Your responsibilities as an intern

The commitment that comes with accepting an internship is significant for everyone involved: the institution, the student and the golf course superintendent. The institutional representative is responsible for the academic soundness of the experience, program structure, project feasibility, credit hours to be earned, working closely with the student to select the site and guiding the program by outlining the type of placement planned.

Student responsibilities

  1. Write or organize your resume.
  2. Obtain an internship. This might be done on your own, through your academic department or by registering with the school’s career assistance or placement center. Check the GCSAA Job Board for internship listings.
  3. Through consultation with your faculty advisor, develop a statement of intent or specific objectives you wish to achieve during your internship. Make sure that the employer is aware of your objectives before you start the internship.
  4. Use the internship experience to increase your knowledge of the golf industry and its practices.
  5. Conform to the normal work policies of the golf course, including normal work hours, reporting to work on time, working overtime, absenteeism procedures, dress code and time off policy, etc.
  6. Keep business matters confidential and work in the best interest of the golf course.
  7. Apply yourself to assigned work and responsibilities.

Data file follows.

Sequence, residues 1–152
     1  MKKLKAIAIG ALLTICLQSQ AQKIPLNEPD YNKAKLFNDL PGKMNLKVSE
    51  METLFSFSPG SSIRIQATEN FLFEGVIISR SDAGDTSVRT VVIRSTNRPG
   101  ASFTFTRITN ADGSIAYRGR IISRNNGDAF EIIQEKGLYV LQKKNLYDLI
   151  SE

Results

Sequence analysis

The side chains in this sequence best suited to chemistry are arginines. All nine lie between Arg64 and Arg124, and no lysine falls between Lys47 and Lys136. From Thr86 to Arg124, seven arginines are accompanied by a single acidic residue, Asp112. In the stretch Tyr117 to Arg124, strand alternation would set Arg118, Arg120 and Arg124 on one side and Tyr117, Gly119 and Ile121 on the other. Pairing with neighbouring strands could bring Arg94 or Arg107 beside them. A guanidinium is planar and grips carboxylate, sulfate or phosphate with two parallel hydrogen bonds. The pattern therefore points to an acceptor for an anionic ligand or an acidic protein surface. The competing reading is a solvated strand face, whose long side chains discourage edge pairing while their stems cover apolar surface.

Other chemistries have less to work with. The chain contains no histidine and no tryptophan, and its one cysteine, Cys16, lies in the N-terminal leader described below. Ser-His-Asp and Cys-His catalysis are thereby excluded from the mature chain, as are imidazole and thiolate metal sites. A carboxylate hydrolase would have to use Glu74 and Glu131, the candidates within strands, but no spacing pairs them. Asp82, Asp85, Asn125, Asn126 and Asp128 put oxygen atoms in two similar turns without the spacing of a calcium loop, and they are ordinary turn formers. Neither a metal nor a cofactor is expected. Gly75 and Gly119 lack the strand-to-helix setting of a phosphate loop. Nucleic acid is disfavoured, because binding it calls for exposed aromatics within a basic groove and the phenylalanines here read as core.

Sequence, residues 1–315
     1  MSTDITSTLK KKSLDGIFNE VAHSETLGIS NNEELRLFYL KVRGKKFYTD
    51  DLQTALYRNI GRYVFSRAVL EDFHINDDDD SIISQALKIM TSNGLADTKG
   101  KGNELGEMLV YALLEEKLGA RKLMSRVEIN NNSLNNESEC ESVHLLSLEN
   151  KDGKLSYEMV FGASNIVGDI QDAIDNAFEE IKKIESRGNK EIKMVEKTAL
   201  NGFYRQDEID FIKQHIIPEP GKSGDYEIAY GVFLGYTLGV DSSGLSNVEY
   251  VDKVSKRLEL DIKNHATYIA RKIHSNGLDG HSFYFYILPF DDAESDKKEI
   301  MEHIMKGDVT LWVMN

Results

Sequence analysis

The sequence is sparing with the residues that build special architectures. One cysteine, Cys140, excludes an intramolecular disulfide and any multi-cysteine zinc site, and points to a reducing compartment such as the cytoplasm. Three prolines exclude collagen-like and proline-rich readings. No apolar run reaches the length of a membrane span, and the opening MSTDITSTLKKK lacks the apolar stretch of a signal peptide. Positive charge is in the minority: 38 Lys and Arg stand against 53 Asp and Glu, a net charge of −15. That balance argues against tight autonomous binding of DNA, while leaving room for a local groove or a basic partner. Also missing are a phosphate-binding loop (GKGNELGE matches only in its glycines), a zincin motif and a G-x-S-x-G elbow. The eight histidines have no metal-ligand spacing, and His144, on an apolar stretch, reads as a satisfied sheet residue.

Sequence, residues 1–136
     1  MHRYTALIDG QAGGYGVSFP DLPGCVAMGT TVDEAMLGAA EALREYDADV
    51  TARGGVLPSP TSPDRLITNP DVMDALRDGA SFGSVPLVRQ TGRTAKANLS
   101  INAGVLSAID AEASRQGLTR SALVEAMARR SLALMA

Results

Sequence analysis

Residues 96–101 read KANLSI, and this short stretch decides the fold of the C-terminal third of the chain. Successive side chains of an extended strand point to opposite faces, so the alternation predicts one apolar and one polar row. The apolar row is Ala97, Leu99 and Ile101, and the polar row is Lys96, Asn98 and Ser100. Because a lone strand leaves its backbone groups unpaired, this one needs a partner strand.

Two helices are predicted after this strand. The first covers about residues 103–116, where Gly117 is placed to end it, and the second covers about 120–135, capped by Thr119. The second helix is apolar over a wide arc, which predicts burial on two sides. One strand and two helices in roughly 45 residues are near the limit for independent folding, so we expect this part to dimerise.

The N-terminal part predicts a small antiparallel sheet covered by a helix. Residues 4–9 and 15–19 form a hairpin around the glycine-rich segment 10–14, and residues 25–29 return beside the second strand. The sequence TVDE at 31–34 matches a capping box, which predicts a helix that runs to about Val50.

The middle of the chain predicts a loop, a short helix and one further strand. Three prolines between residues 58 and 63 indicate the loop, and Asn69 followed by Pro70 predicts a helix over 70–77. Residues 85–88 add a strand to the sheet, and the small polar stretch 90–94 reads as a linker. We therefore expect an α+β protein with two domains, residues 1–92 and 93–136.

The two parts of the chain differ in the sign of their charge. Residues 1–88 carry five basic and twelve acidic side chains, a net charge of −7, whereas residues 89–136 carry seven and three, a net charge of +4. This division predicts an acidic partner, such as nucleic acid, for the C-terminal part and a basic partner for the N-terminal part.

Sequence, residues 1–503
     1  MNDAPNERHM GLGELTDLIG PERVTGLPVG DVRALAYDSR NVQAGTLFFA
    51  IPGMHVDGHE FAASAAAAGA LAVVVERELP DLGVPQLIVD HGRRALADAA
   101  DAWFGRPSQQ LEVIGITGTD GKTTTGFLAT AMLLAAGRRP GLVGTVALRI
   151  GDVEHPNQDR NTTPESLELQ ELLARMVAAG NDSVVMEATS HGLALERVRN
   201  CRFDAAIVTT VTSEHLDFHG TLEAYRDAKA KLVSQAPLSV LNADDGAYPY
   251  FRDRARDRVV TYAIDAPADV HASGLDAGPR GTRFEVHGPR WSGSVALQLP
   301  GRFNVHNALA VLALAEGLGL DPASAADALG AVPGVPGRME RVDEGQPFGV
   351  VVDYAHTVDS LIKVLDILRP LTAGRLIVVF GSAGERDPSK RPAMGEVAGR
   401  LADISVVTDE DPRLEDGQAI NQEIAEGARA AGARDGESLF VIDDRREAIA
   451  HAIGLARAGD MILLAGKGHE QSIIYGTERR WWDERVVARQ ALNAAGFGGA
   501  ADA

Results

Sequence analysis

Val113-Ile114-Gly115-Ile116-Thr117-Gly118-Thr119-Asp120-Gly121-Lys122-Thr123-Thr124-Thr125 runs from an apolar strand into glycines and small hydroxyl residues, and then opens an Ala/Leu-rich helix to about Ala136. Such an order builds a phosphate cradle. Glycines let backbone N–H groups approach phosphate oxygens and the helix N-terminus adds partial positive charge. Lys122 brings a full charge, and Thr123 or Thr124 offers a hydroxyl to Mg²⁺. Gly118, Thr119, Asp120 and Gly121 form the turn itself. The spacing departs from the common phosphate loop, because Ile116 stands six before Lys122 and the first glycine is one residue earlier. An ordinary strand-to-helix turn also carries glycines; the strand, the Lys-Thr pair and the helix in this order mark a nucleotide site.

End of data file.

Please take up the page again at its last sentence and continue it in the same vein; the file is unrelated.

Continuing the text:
8. Prepare a written report of the work experience for your faculty advisor. In collaboration with your advisor, decide on the frequency and format of the report(s).
  9. Demonstrate a positive attitude, and provide an evaluation of the work experience and the employer at the end of the internship.
  10. Notify your advisor immediately in case of dissatisfaction with an employer or a job.

Employer/supervisor responsibilities

  1. Provide a challenging position that will enable the student to use the skills, aptitude and knowledge that have been gained in an academic setting.
  2. Orient the student regarding company organization, policy, expectations and work procedures. The student should also be oriented in safety instruction on their first day of work or before they are sent onto the course.
  3. Help the student develop learning objectives based on their academic requirements, if one is not provided by the educational institution. Sign and date the objectives.
  4. Continually supervise the student on tasks outlined in the learning objectives.
  5. Discuss with the student the method of performance evaluation that will be used. The performance appraisal should be obtained from the student’s educational institution or developed by both the supervisor and the student. It should also reflect the learning objectives.
  6. Give the student honest feedback and constructive criticism about his/her job performance. Make every effort to meet with the student at least once a week to review progress.
  7. Fill out the final evaluation, give a copy to the student and mail one to the educational institution, if required. Do not give it to the student to mail.
  8. Hourly wage - depending upon experience. Some employers may also provide other benefits such as housing, meals, uniforms, bonuses and golfing privileges.